Community Health Awareness Programme in Lelep

The health team have now completed their Community Health Awareness Programme in Lelep, which has been going on for the past two years. The sessions are run by Female Community Health Volunteers (“FCHV”) and a total of 1,678 participants, mainly women (but some men!) attended the sessions.

Most of the sessions are aimed at improving Maternal and Child Health. The topics covered have included:

  • Danger signs to watch out for
  • Classification of food and nutrients
  • Ear care of children
  • Benefits of Vitamin A and worm medicine
  • Family planning
  • Oral hygiene
  • Pregnancy care

Other topics discussed have included Snakebite, Effects of smoking and tobacco, Safe drinking water and Blood pressure

In attempting to improve maternal care we have provided ultrasound training to a local nurse from Lelep and have bought an ultrasound monitor for the Health post in Lelep, known as the Lungthung Health Post. The monitor will ensure more accurate dating of pregnancies and allows for better monitoring of the growth of the foetus. By having this facility problems in pregnancy can be more accurately anticipated and referrals can be made to a hospital facility as appropriate.

Having introduced sessions on family planning, the health post now provides Contraceptive Implant services. Implants can prevent pregnancies for up to 3 years.

In Nepal, cervical cancer is the most common female cancer in women aged 15-44 and the leading cause of cancer deaths.  Despite these figures, currently less than 2% of women aged 30-60 in Nepal are screened leading to most women diagnosed with cervical cancer presenting at a late stage. The national guidelines in Nepal recommend screening with visual inspection with acetic acid (VIA) every 5 years for women aged 30-60. Since our Health Awareness sessions and training by midwives, women are beginning to come forward for screening.

We spoke to Nima Doma Sherpa about the changes she has witnessed in the lives of women from Lelep over the last 10 years. Nima is from Ward 6 in Lelep, Phaktanglung Rural Municipality and is 25 years old. She got married at 16 and had her first baby at 17. Her son, born at home, is now 9 years old. She told us that the health awareness program has made her and other women safer and healthier in the village. Nima says,

“Almost 10 years ago, there wasn’t much awareness about antenatal check-ups or the services available at the health post. The health post didn’t offer many services, and the Female Community Health Volunteers weren’t trained properly like now.”

After having her first baby, Nima and her family decided to have another child, so she became pregnant again. Sadly, she experienced a miscarriage when she was six months pregnant.

When asked how she felt during this difficult time she said,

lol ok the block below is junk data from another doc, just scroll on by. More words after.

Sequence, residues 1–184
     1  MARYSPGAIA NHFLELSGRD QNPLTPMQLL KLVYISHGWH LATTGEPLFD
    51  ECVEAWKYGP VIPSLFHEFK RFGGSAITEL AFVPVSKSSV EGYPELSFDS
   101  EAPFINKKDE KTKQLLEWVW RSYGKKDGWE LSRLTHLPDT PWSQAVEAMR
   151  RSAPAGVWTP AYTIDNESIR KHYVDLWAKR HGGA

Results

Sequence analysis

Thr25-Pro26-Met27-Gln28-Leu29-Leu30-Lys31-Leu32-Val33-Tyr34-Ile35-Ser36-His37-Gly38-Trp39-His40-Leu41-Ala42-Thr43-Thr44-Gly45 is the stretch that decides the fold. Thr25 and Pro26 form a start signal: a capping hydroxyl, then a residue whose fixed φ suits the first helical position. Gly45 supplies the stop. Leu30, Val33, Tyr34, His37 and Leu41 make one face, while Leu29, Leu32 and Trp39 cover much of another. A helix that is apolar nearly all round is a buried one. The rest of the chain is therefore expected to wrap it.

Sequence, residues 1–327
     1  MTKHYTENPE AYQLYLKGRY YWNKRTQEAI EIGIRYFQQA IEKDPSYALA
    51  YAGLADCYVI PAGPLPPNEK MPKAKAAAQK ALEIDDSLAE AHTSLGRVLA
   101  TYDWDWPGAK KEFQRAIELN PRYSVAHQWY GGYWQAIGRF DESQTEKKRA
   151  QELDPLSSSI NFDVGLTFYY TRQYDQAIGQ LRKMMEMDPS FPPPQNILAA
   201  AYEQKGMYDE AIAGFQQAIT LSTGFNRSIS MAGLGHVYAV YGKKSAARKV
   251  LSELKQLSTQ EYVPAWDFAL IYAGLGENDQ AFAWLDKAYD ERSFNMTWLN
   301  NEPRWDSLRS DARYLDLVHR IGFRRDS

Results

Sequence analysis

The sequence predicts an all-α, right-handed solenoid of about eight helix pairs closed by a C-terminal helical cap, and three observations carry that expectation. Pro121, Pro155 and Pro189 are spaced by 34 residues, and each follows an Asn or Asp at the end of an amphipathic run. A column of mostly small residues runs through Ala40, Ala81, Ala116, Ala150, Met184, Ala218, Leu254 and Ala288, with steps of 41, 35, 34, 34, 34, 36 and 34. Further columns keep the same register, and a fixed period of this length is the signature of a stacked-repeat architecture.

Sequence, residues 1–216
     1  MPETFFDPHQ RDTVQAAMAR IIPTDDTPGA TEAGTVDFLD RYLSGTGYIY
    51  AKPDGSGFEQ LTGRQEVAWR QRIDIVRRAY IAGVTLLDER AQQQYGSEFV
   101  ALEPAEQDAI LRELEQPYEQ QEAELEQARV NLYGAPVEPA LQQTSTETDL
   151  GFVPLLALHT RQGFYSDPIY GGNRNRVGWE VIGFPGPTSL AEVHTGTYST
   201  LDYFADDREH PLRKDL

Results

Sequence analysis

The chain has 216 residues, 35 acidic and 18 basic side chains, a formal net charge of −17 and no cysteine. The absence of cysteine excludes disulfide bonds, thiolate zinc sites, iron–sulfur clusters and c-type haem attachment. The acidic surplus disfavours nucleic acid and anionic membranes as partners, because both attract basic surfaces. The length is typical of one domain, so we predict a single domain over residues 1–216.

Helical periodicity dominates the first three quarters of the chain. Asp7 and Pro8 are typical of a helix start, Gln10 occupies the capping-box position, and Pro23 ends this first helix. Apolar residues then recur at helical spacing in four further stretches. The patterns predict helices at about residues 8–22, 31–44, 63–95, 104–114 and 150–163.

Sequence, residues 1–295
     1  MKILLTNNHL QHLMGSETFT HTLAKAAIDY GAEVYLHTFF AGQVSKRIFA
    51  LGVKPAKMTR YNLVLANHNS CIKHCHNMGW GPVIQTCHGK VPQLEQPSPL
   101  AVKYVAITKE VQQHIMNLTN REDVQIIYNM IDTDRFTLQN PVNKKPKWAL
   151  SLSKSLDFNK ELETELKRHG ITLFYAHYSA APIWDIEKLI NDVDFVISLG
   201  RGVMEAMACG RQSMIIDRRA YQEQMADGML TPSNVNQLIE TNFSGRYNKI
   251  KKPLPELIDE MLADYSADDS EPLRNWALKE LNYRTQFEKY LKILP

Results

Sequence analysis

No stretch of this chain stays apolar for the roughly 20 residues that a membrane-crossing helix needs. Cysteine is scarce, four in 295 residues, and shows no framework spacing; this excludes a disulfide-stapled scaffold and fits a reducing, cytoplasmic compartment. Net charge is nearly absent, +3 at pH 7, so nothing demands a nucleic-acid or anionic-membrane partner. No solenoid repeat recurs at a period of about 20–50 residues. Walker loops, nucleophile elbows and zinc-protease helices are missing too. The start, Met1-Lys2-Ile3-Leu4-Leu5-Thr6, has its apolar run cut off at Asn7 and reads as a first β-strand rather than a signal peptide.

“I was very emotionally hurt. I cried a lot. I didn’t understand why this was happening. As a mother, losing a baby is very hard to explain in words. She adds, I wish no woman in the village had to experience the pain I went through when losing my baby.”

She also mentioned that after the miscarriage, she went to the health post where for the first time, she learned and realised the importance of having regular pregnancy check-ups. She further adds,

“When I look back at those years and compare them to now, I see many positive changes in our village. The health infrastructure has improved significantly, including the establishment of a well-equipped birthing center. Additionally, women in our community are now much more aware of their health, particularly during pregnancy. I am currently 10 weeks pregnant and I am making sure to take all necessary steps to stay healthy, like going for regular check-ups at the health center. My family supports me well; they don’t let me do hard work because I am pregnant. They also know a lot about pregnancy and women’s health”.

When asked about how these changes occurred in the village, Nima promptly responded, crediting the Female Community Health Volunteers (FCHVs) for their crucial role in educating women on maternal and child health, family planning, nutrition, and hygiene. She also acknowledged that the improvement in health facilities has contributed to the positive change in the village. As a result, women have become much more confident in taking care of their own health compared to before.

“As a mother, neighbour, friend, and wife, one thing I’ve always wished for is not to hear the sorrow of any mother losing their child in Lelep. This wish of mine is coming true.”

She expresses heartfelt gratitude to our local partner Action for Nepal for training the FCHVs and advocating for maternal and child health with the local government. She also extends thanks to the Himalayan Trust UK for their support of the women’s health project in Lelep, without which these achievements would not have been possible.

Bolstered by the successes in Yamphudin and Lelep we have now started planning a Health awareness programme in Ikhabu.

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  • Warm blanket for mother and baby
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